Novell has placed a lot of focus lately on helping its customers take advantage of the benefits of Linux with Novell Open Enterprise Server. In terms of your GroupWise environment, whether it’s hosted on NetWare or Windows servers, moving to Linux enables you to leverage the latest 64-bit hardware platforms, improve system stability, enjoy better application fault handling and recovery, and lower negative impacts from agent crashes or hardware failures. To make it even easier for you to take advantage of these benefits, this article steps through some of the keys aspects of moving your GroupWise systems to Linux.
Getting Comfortable with Linux
According to Dana Palmer, product lead for Novell GroupWise Support, one of the nicest things about migrating GroupWise to Linux is that you can make the move a few pieces at a time. This lets you get comfortable with the Linux environment before you migrate everything. Palmer first suggests installing one or two GroupWise components on Linux that are redundant to components that you have on your NetWare or Windows servers. For example, just installing WebAccess on a Linux server gives you valuable experience with the Linux platform as you set up all the required pieces to access a GroupWise system. This component approach to migrating lets you still keep your post office data on your NetWare or Windows environment until you’re ready to move other pieces.
Palmer also suggests installing a GroupWise Internet Agent (GWIA) that performs a specific function, such as POP and IMAP. This gives you more experience with GroupWise in the Linux environment while allowing your SMTP messages to continue to flow through your existing GWIA without disrupting your current operations. (See More GroupWise Linux Insights.)
To help your team get even more comfortable with GroupWise on Linux, you might want to next move your IT organization to a post office on Linux. This can give your IT team valuable experience in administering the GroupWise system on a local message store on Linux. At this point, you might even consider adding a GWIA that is dedicated to inbound or outbound mail. While you're acclimating yourself and your team to the GroupWise on Linux environment, it’s also a good time to plan and make a few decisions about the move.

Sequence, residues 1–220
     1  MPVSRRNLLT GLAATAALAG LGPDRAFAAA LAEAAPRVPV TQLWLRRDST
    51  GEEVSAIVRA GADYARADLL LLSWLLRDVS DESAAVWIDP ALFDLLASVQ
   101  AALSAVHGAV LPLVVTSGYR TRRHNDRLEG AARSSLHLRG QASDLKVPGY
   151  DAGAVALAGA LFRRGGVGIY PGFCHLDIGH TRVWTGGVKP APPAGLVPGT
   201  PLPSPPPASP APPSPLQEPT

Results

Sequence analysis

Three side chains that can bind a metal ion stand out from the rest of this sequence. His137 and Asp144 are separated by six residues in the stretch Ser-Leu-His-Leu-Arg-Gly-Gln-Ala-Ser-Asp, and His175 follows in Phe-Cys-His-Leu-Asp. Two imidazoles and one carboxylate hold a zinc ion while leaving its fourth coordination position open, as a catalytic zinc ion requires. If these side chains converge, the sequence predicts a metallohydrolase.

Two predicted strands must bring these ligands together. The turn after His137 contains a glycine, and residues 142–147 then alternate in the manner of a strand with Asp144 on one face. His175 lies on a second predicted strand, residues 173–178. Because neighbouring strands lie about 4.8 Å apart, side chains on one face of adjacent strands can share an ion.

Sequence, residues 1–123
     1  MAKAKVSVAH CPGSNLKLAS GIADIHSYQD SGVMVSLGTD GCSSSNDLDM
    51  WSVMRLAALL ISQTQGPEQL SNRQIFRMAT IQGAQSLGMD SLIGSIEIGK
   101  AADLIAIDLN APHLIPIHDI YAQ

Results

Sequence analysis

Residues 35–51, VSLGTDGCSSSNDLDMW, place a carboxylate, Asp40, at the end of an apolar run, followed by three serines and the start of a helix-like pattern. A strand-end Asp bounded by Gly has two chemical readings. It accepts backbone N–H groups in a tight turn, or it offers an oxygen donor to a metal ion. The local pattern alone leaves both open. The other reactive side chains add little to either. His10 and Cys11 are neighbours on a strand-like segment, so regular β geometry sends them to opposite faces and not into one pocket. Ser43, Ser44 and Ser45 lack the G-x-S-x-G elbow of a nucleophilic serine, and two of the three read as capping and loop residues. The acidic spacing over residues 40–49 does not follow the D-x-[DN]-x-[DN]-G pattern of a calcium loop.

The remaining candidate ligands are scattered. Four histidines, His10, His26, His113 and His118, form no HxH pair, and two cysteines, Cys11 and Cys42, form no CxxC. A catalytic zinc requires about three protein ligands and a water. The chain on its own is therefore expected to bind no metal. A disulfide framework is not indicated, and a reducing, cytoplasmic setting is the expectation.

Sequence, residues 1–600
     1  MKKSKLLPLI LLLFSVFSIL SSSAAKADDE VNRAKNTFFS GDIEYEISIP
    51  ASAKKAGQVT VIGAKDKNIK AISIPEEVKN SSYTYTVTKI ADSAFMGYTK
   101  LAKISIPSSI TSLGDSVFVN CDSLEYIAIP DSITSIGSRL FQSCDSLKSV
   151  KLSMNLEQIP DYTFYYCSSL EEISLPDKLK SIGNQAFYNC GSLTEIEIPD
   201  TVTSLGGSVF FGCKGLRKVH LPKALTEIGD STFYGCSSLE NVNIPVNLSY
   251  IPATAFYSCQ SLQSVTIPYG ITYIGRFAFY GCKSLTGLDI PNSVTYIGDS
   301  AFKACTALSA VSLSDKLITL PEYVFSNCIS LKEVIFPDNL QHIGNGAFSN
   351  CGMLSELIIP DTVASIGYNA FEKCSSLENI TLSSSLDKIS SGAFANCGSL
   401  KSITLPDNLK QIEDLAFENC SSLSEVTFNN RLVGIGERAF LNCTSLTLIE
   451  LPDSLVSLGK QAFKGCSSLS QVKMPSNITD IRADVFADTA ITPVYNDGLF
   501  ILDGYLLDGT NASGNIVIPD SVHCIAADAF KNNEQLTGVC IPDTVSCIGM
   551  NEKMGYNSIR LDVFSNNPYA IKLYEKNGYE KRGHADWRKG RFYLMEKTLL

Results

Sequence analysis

What Are My Choices?
One of the first things you must decide is which Linux file system you should use for your GroupWise servers. GroupWise supports ext3, Reiser and Novell Storage Services, or NSS, file systems on Linux. While each file system has its advantages and disadvantages, Alex Evans, product manager for GroupWise at Novell, suggests that for many organizations ext3 is likely the preferred file system for running GroupWise. Still, before settling on this or any other file system choice, you should consider the pros and cons of each.
- NSS provides excellent Novell Cluster Services support and can simplify the migration from NetWare environments that have SAN storage. But the advanced features in NSS, which are not utilized by GroupWise, add unnecessary overhead that can impact performance.
- Reiser has been optimized for small files, making it a good choice for performance in GroupWise. But Reiser has limited recovery tools to assist you if you experience a crash. Perhaps, of even greater concern is that there is significant uncertainty in the industry in regard to the overall future of the Reiser file system.
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- The advantages of the ext3 file system are that it demonstrates performance levels very close to that of Reiser while providing better journaling and recovery tools. Also, ext3 is the default file system for SUSE Linux Enterprise Server 11. However, you should be aware that if you want to use the H-Tree indexing capability in ext3, it is not currently supported by GroupWise.
The next choice you’ll need to make is when to make the move. As discussed before, you might want to get comfortable with a few components of GroupWise on Linux before moving a complete system or your whole environment. In addition to that, your decision about when to move could be affected by other events, such as the purchase of new server hardware, plans to upgrade to GroupWise 8, server consolidations or virtualization plans. The reality is that many of the decisions and planning considerations you make for your move to Linux should be based on the same best practices or considerations you would make when moving or deploying a new post office in your NetWare or Windows environments.
As with any move, you’ll need to do some preparatory work during your planning stage. To help you with this, Novell documentation provides an excellent GroupWise Migration Worksheet to facilitate this effort. (See section 4.8 of the GroupWise Server Migration Utility Installation and Migration Guide.) The worksheet and documentation help you through steps such as gathering needed information about your source server, target server, location of GroupWise software and components, handling SSL certificates and more.